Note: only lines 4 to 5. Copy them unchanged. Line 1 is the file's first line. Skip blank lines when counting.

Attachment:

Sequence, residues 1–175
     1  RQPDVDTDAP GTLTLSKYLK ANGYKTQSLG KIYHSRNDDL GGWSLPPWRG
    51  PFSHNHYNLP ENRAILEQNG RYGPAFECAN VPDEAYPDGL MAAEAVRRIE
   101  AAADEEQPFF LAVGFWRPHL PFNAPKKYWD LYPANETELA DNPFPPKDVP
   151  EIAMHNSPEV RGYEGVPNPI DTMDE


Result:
   101  AAADEEQPFF LAVGFWRPHL PFNAPKKYWD LYPANETELA DNPFPPKDVP
   151  EIAMHNSPEV RGYEGVPNPI DTMDE